Adjust Your Payroll Costs for 2022

adjust payroll costs

Editor’s note: Please note that the information contained in this article is limited in scope and is only intended as a high-level overview of the topics discussed. The information is current as of the publication date only, and the laws (and associated agency and/or judicial interpretations) on the topics discussed could change at any point in the future. Block, Inc. (including its affiliates, subsidiaries, employees, officers, directors, attorneys, and tax advisors) undertakes no obligation to update this article for future changes in the law. In addition, laws vary by jurisdiction, and this article does not attempt to address all jurisdictions — for example, states, counties, or cities often have requirements that differ from federal law. Nothing in this article is or should be used as tax or legal advice. In particular, this article cannot be relied upon for the purposes of avoiding taxes, penalties, or other obligations under applicable law. For guidance or advice specific to your business, you should consult with a qualified tax and/or legal professional.

This article was contributed by our friends at Small Business Trends.

It’s no secret that just about everything these days costs more. Payroll is no exception. In crafting your budget for the coming year, be sure to factor in adjustments in payroll costs as needed due to practicalities and law changes.

Adjust your payroll costs in 2022

Here are some areas to look at carefully.

New wages

You may be required to increase employee wages due to minimum wage increases in your state or locality that go into effect on January 1, 2022. While the federal minimum wage has not been adjusted and is the standard in seven states, most states have their own higher rate which takes precedence over the lower, federal rate. What’s more, the minimum wage rate in 18 states and D.C. may be increased annually due to inflation. Guess what — they all have an increase in 2022. A number of cities have higher rates than the states they’re in, so check with your state and city now to determine the applicable rate for the coming year.

Even if minimum wage increases aren’t an issue for you, if you’re trying to help your staff at least keep pace with inflation or simply reward them for work well done, it’s going to cost you. In the summer, WorldAtWork projected compensation increases for 2022 of about 3.3%. With the hike in the inflation rate in recent months, actual increases could be higher.

Recognize that increasing wages also means higher payroll taxes. Payroll taxes on employers include:

  • FICA (explained below)
  • FUTA (the federal unemployment tax) – Because this tax is based on wages capped at up to $7,000 per employee, the cost won’t change for 2022 unless you add employees to your staff.
  • State unemployment tax – This tax typically is based on a company’s experience (how many unemployment claims are made against it). The rate may change from year to year. Due to high unemployment during the pandemic, many companies likely face a higher rate for 2022. Check with your state unemployment division if you have not yet received a notice about your 2022 rate.

And there’s also workers compensation, the cost of which reflects your payroll.

New employee benefits plans

To attract and retain employees during this tight labor market, you may want to introduce or increase your plan offerings. Consider the following:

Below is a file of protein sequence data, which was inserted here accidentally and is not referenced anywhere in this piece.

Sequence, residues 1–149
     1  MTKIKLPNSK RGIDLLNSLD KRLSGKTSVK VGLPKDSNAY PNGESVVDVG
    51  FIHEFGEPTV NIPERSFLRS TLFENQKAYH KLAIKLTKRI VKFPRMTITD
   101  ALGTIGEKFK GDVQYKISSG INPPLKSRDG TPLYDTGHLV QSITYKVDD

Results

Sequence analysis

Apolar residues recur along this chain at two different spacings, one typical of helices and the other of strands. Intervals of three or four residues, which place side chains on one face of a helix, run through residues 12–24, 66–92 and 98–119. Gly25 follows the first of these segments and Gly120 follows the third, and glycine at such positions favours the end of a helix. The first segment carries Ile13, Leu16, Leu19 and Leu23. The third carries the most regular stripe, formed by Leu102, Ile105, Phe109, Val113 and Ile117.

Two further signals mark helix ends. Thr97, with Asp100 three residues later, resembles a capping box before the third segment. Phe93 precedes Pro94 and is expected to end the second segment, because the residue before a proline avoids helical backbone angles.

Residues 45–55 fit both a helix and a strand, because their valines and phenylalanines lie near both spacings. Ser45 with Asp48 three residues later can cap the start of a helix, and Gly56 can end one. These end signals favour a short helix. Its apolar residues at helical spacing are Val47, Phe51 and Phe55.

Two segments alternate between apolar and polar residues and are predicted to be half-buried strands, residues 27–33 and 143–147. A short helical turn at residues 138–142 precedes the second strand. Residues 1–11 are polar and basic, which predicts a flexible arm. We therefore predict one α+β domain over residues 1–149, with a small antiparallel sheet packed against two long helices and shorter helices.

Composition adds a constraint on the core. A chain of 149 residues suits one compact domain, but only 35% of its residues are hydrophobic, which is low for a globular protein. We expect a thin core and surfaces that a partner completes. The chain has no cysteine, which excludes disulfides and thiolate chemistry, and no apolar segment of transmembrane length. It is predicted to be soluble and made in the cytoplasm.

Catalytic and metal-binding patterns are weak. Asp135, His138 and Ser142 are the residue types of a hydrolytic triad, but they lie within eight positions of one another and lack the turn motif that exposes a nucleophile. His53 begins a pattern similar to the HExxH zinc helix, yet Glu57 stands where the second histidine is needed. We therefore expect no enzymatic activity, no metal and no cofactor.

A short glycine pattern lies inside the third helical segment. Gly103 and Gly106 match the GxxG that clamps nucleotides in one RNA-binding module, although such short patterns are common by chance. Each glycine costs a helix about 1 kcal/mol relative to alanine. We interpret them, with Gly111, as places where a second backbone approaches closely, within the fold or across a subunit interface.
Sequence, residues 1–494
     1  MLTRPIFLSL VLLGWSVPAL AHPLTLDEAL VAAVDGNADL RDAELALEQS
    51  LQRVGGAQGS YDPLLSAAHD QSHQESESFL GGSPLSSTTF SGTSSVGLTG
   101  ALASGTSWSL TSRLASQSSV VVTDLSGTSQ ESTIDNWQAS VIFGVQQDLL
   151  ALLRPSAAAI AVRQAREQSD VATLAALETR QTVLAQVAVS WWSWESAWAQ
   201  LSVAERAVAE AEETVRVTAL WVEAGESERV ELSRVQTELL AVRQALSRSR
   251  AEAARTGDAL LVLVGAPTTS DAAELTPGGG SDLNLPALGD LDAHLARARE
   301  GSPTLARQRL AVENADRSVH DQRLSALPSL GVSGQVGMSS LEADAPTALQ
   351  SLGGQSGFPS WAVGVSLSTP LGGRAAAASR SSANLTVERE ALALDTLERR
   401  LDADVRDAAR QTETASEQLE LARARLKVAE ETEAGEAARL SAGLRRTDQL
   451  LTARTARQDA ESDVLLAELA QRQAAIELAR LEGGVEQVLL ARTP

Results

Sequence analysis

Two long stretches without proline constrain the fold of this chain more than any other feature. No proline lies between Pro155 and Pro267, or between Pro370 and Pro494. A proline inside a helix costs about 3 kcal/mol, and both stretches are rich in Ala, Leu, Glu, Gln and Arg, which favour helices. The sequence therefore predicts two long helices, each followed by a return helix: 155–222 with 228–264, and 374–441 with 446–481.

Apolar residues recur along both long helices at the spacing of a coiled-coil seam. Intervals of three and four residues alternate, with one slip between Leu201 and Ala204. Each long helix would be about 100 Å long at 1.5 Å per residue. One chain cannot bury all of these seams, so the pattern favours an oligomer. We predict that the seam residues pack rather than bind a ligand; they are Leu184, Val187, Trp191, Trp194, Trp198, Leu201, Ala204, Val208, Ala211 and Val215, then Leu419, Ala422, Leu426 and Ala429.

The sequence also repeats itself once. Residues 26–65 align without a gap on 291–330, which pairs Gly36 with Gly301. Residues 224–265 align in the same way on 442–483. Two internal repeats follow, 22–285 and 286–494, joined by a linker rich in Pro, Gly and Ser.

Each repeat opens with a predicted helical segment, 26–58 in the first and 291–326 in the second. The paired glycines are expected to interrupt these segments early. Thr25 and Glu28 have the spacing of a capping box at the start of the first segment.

• To bring employees back to the workplace, you may need to offer a dependent care assistance plan. This can be financed through employee contributions made on a pre-tax basis. Alternatively, the company may pay the cost (capped at $5,000 in 2022 unless Congress continues the $10,500 cap that applied for 2021).
  • If you have a qualified retirement plan with employer contributions — as the only plan contributions or contributions that are tied to employee contributions — employee compensation will determine what it costs you for the year.
  • If your company doesn’t have a qualified retirement plan, you may have to enroll employees in the Secure Choice Savings Program if your state has one (about a dozen states do) and your company is not exempt. While contributions to the plan are made by the employee, the setup may mean some additional administrative costs.

New Social Security tax wage base

FICA, which is comprised of Social Security and Medicare taxes, is a fixed rate: 7.65% on the employer as well as an equal rate on the employee. However, 6.2% of FICA is the Social Security portion, and it applies only to taxable compensation up to a wage base that adjusts annually. In 2022, it will be $147,000, which is up from $142,800 in 2021. Companies that have employees earning more than the former wage base will pay an additional amount in 2022.

The 1.45% portion of FICA for Medicare taxes applies to all taxable compensation; there is no wage base cap.

Repaying 50% of deferred Social Security tax from 2020

Some employers opted to defer a portion of their 2020 Social Security tax. Half was required to be paid by the end of 2021; the other half is due by December 31, 2022. Employers should factor this repayment into their deposits for 2022.


Be sure you’ve adjusted your budget for 2022 to account for the added payroll costs you expect to incur. The added costs are due to higher payments to employees, higher payroll taxes, and higher administrative costs related to payroll. Also monitor any law changes on a federal, state, or local level that may increase your administrative or tax costs for payroll.

This article was written by Barbara Weltman from Small Business Trends and was legally licensed through the Industry Dive publisher network. Please direct all licensing questions to [email protected]

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